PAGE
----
At the end of February, the International Championship of Collegiate A Cappella (ICCA) held the last of four Northeast Quarterfinals of the season in MIT’s Kresge Auditorium. This was the ICCA’s 19th season of student a capella competitions, which have become increasingly popular due to the movie Pitch Perfect. And looking around, I could see the extent of a capella’s popularity — all of Kresge’s 1200 seats were filled with enthusiastic students and supportive families.
Ten different groups from colleges in Massachusetts, New York, and Connecticut performed that evening. Each team was given 12 minutes on stage to perform an average of three to four songs. The groups were then judged on aspects of their vocal and visual performance, receiving merit for precision and technique, as well as inventiveness and creativity.
The night began with a fun and energetic performance comprised of several mashups of catchy pop songs by SSockapella from Salem State University. Next up were the Touchtones from Cornell University, the first of four all-female groups to perform that night. There is a noticeable difference between co-ed groups and all-female groups: because women have higher voices than men, all-female groups usually cannot incorporate basal tones into their performance, thus necessitating stronger harmonization and more precision. The result is a distinctive, clearer, and more ethereal sound.
All of these groups proved that the lack of male singers neither hindered nor limited their performances: Pitch, Please! from Northeastern University blew the crowd away with a powerful and chilling rendition of “Howl” by Florence + The Machine, UHarmonies from the University of Hartford competed for the first time with an enjoyably nostalgic array of ’90s songs, and the Simmons Sirens from Simmons College exhibited their versatility by singing a haunting rendition of “Youth” by Daughter directly followed by an energetic performance of “Uptown Funk” by Bruno Mars.
At the competition, MIT was proudly represented by the Chorallaries, MIT’s oldest co-ed a capella group. The Chorallaries took full advantage of their 12 minutes, opening with a passionate execution of Carrie Underwood’s “Good Girl” soloed by Izzy Lloyd ’18 and ending with a fun and energetic mashup of “Shut up and Dance” and “Boogie Wonderland” performed by Nick Benson ’16, Royal Morris ’15, and Hannah Wood ’15. Scott Viteri ’18, Alecia Maragh ’15, and Molly Tracy ’16 also soloed, completing the Chorallaries’ phenomenal lineup that displayed impeccable technique and synchronization.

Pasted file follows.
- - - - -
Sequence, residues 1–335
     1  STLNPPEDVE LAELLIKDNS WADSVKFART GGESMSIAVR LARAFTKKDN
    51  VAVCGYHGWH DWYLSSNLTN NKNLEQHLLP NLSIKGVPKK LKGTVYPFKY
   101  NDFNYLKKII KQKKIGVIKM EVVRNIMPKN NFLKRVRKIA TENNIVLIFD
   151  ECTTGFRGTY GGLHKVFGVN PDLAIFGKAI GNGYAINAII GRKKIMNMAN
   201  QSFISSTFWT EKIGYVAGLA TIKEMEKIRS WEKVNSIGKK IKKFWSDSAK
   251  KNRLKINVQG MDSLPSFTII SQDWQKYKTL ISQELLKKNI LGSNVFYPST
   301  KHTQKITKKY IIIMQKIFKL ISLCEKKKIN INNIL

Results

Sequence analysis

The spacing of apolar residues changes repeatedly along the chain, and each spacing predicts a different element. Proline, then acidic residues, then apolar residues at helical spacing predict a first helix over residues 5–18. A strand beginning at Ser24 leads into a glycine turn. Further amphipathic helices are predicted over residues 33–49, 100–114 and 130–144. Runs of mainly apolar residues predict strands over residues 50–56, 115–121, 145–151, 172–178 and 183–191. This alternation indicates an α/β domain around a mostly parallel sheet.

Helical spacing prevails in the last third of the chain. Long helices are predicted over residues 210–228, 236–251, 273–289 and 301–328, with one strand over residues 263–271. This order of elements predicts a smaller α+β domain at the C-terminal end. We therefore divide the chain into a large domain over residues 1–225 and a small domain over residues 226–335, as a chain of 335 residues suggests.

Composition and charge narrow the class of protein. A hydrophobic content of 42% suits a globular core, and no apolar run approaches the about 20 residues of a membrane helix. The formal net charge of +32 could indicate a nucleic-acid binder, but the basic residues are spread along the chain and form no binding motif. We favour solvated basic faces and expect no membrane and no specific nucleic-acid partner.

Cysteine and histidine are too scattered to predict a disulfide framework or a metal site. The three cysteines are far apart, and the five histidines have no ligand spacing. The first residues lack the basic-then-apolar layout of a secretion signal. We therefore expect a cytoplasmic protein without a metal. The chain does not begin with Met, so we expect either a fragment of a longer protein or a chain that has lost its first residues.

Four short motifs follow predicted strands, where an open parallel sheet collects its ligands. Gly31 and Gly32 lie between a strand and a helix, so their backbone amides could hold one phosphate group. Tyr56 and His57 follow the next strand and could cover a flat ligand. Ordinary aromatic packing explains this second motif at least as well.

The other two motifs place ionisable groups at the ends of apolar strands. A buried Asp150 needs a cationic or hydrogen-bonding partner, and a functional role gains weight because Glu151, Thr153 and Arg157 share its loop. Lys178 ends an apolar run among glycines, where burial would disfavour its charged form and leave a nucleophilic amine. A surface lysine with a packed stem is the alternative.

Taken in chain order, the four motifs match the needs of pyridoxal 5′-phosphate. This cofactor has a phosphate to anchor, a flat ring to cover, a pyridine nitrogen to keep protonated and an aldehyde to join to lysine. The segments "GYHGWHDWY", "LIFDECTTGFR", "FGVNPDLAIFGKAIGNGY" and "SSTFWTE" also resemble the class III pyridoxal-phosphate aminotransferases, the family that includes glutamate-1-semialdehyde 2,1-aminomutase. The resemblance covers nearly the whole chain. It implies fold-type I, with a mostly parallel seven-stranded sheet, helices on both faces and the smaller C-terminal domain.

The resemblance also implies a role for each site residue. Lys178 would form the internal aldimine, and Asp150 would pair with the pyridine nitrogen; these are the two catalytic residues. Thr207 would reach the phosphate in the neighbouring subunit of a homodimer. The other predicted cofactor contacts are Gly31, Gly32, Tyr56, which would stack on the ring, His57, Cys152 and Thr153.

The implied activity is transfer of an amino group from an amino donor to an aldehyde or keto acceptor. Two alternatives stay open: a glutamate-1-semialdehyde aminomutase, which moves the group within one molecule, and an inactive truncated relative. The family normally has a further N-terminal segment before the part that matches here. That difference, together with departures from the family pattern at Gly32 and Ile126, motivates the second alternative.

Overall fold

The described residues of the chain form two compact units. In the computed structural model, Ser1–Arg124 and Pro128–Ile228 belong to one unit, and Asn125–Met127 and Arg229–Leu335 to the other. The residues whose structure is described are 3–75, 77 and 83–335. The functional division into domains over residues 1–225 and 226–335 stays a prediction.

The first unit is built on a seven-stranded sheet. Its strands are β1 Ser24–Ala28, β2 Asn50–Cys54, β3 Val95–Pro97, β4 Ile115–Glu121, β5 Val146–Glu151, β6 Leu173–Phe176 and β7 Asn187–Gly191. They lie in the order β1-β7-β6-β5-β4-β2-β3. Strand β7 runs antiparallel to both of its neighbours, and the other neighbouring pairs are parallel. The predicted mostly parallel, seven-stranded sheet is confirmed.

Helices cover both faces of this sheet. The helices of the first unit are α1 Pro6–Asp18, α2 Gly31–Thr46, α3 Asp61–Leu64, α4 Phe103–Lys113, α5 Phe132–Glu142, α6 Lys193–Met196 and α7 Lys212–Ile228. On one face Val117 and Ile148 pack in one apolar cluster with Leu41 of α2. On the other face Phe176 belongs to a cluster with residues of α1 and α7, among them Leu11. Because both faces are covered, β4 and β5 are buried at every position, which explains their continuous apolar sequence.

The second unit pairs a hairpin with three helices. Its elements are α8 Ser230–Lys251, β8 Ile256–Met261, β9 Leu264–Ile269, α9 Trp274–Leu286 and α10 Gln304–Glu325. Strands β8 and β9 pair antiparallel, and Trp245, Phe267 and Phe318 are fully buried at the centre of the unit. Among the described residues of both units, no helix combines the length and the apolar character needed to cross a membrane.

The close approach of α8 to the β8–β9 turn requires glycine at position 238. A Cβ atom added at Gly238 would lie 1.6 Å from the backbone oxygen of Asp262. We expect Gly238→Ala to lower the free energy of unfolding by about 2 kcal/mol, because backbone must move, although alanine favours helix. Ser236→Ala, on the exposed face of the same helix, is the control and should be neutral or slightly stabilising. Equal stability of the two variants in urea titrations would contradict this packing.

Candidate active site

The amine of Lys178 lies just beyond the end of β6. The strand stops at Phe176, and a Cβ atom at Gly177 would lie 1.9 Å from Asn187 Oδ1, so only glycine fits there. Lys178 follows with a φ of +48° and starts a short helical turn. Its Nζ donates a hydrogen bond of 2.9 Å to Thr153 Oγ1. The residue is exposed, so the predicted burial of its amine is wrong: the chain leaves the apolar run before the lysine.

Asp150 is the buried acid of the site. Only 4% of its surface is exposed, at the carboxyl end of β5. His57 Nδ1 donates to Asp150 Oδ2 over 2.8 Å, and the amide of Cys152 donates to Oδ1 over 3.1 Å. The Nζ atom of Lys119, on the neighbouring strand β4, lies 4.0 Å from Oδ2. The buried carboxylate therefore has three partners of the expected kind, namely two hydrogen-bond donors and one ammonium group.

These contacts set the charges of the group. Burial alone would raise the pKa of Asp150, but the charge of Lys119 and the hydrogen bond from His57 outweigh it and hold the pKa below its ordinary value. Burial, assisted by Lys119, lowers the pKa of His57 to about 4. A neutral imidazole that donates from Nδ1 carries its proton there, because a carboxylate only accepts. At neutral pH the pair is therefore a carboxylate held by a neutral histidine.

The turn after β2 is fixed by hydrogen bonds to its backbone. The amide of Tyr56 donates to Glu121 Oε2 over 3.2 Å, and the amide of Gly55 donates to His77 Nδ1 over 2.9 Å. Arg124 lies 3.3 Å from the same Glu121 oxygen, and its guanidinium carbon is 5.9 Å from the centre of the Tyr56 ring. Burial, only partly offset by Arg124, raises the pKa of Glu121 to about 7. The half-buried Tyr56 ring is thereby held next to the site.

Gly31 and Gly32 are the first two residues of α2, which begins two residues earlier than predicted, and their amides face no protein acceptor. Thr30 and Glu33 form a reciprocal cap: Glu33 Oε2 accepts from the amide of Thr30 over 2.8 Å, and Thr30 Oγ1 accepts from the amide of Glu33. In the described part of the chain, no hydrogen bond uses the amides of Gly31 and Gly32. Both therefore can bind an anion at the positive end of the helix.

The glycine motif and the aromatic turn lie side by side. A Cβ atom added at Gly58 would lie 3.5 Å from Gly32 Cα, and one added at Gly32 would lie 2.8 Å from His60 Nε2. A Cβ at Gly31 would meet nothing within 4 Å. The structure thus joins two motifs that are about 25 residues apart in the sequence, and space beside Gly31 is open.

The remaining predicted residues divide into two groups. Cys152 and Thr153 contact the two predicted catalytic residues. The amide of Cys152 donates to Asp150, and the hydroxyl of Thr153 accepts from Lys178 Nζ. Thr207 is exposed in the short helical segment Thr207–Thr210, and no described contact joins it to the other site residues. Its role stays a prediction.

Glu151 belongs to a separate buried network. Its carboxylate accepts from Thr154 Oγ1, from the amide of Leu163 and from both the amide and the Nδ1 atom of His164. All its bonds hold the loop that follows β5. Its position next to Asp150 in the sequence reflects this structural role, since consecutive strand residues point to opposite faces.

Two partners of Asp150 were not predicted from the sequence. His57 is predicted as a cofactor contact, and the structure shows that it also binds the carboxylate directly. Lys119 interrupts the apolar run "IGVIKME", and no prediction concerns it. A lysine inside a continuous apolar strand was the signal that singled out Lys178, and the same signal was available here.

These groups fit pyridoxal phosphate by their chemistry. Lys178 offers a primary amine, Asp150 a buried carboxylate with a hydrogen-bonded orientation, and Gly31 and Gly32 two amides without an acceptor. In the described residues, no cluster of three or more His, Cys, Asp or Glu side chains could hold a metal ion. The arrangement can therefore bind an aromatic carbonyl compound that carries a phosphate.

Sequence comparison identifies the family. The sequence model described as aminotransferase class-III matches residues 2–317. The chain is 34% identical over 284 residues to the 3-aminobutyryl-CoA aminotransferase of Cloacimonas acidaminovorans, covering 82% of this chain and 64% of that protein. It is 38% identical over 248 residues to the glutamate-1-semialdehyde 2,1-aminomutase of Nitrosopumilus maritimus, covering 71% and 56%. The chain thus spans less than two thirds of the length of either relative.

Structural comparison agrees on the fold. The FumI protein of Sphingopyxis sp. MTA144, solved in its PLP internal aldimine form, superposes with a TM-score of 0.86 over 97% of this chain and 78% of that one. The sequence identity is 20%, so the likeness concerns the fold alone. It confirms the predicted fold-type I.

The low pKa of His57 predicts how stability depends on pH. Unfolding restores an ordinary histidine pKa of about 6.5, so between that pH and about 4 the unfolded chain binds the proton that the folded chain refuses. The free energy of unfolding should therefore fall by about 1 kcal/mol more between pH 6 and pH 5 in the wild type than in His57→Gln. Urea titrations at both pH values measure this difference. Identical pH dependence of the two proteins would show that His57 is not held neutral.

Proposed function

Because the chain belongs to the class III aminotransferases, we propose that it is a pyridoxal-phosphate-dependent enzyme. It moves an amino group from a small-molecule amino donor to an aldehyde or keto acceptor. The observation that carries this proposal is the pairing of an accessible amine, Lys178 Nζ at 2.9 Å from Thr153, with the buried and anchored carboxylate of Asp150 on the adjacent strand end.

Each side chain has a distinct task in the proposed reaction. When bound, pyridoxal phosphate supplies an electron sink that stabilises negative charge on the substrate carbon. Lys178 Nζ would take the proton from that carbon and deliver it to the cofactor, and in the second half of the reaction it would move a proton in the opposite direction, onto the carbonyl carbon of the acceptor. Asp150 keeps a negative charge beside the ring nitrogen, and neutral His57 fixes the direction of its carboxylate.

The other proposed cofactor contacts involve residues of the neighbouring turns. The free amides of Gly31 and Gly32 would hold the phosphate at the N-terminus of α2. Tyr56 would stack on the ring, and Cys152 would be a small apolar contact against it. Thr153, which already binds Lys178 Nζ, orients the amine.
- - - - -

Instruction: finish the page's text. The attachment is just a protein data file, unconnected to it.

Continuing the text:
Although the competition spanned three hours, the event was anything but dull. The night was full of surprises, with the PowerChords from the Olin College of Engineering literally lighting up the night with LED-studded gloves and jackets. The information that the Nor’Easters from Northeastern University had performed for the president and first lady of the United States impressed the crowd and set the standard high.
Most noticeably, in the sea of matching black, formal attire, The Vassar Devils from Vassar College instantly grabbed attention when they came out in grey toned garb that emanated urban cool. The Vassar Devils further defied the crowd’s expectations with their unique choreography. As Ryan Chung ’18, a member of MIT’s a capella group, Toons, explained, by isolating their soloist at the opposite side of the stage “The [Vassar] Devils effectively used the entire stage to mirror the mood and content of the songs in their choreography.”
The performances concluded with some more talent from MIT. Although not competing, MIT Resonance were featured as guest performers. While the judges were deliberating, Resonance reinvigorated the crowd with a medley of “Let’s Get it Started,” “As Long as You Love Me,” and “Can’t Hold Us” soloed by Tomi Adelusi, Nick Diamantoni, and Logan Martin respectively. Other soloists included Alysse Hamm ’18, Caterina Colón ’15, and Kristina Presing ’15, who followed with powerful deliveries of “Ain’t It Fun,” “Bang Bang,” and “Titanium”.
Throughout the night, it became increasingly clear that the beauty of a capella comes from unity of the singers. The quality of a performance is contingent on the ability of the singers to harmonize with each other and stay in time. Additionally, to complement and emphasize this auditory unison, the groups used matching outfits and synchronized. The unity extended beyond team members — there was a shared sense of community and respect between competing groups, made evident when at the end of the show, everyone gathered on stage to sing “Titanium” with Resonance.
But despite the sense of community, there had to be a winner. After twenty long, anticipation filled minutes, the judges finalized their scores and announced the winners. Two groups clearly stole the show that night. One, the Vassar Devils, came in second place with 396 points. In addition, the Vassar Devils were recognized for having the best choreography and best composition.
And finally the moment the crowd had been waiting for: first place, with 400 points, was awarded to Nor’easters from Northeastern, an obvious crowd favorite from the very start, who had electrified the audience with a powerful and emotive rendition of “Elastic Hearts” by Sia. The Nor’easters were also recognized for having the Best Percussionists, honoring members Kenji Guldner and Beejul Khatrii. These two teams move on to Semifinals, which will be held in Boston Symphony Hall on March 22, 2015.